In fact, less than 24 hours after I logged off Facebook, I went and created online dating profile accounts.  I was bored.  I needed some action.  I craved the online attention.  Thankfully, two of my friends convinced me to disable my accounts, but I was surprised at how soon I put myself into the vulnerable position of wanting to be needed.  (As an aside: don’t get me wrong, I am not at all implying that online relationships or dating sites are bad.  They aren’t.  They can be extremely helpful, but it really all depends on the reason you are going online and what you are trying to accomplish through the experience).

Yesterday afternoon, I was Skyping with one of my really good friends from Edinburgh and she really brought home the core issue I am facing.  I was fairly self-aware of it before, even asking her to pray over the issue, but it’s always a different thing when you say it yourself and when you hear someone else articulating what you are thinking.  Somehow it just makes it seem more real.  Sometimes it even makes you notice how immature and superficial what you are getting at really is.

You see, from the outside, I come across as fairly confident.  I have multiple degrees and excelled in school.  I have been able to get jobs I enjoy.  I have travelled the world.  I have many friends – probably the best friends I could ever ask for who have stood by me in everything.  Yet I am always discontent.  I’m always living my life in the what-ifs.  I’m always toting someone else’s life as “picture perfect” and seeing my own life as a sketch by a 4 year old artist drawing with finger paints and crayons.  I don’t see my life for the brilliant mural, the masterpiece, God has created it to be.  I see it as an artist’s rough sketches, a preschooler’s first ripped out and tattered colouring page.  But I’m here to tell you that if you ever feel in the same position, there’s hope.  Because sometimes the most beautiful paintings, the ones that have sold for millions of dollars, are exactly that.  Abstract.  Confused.  Muddled.  Seared with emotion.  Beauty really is always in the eye of the beholder.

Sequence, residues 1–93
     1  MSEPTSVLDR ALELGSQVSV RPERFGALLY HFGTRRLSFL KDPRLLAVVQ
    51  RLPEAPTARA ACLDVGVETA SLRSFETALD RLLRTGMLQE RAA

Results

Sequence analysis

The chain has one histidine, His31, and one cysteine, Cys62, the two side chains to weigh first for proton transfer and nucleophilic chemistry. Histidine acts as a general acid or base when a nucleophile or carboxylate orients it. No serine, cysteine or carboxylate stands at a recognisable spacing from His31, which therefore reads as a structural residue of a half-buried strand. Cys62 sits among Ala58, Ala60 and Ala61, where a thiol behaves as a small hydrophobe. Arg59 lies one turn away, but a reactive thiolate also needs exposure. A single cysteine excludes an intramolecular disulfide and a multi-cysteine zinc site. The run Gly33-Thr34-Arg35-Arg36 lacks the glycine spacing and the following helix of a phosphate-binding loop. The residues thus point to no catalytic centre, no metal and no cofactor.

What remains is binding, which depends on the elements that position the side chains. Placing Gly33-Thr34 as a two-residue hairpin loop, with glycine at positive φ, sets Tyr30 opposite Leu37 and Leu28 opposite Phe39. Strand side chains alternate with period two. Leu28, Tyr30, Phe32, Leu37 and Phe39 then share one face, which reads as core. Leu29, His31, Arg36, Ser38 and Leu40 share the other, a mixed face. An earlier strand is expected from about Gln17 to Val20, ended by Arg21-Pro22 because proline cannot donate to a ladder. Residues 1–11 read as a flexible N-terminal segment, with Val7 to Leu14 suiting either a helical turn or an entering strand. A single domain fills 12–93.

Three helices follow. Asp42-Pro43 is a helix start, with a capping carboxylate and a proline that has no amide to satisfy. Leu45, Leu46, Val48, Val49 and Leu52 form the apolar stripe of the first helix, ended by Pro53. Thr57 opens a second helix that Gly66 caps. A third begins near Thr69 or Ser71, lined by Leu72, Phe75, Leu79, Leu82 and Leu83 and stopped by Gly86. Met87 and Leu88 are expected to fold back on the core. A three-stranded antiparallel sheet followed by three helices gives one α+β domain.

It can be really easy to beat yourself up when you’re struggling with low self-esteem, chronic comparison syndrome, depression or anxiety, but I’m here to tell you that’s not going to help.  Beating yourself up and berating yourself about how you think you SHOULD be feeling, doesn’t make you feel any better.  It makes you feel worse.  It makes you continue down that endless rabbit hole.  That’s why when I spoke to my friend I was so surprised and relieved that she didn’t lecture me.  She didn’t point out all my good attributes and end with the question: “so what’s your problem?”  But she did listen, she pointed out how to see God in the mess, and she showed me a different path.  A path I’d like to share with you now: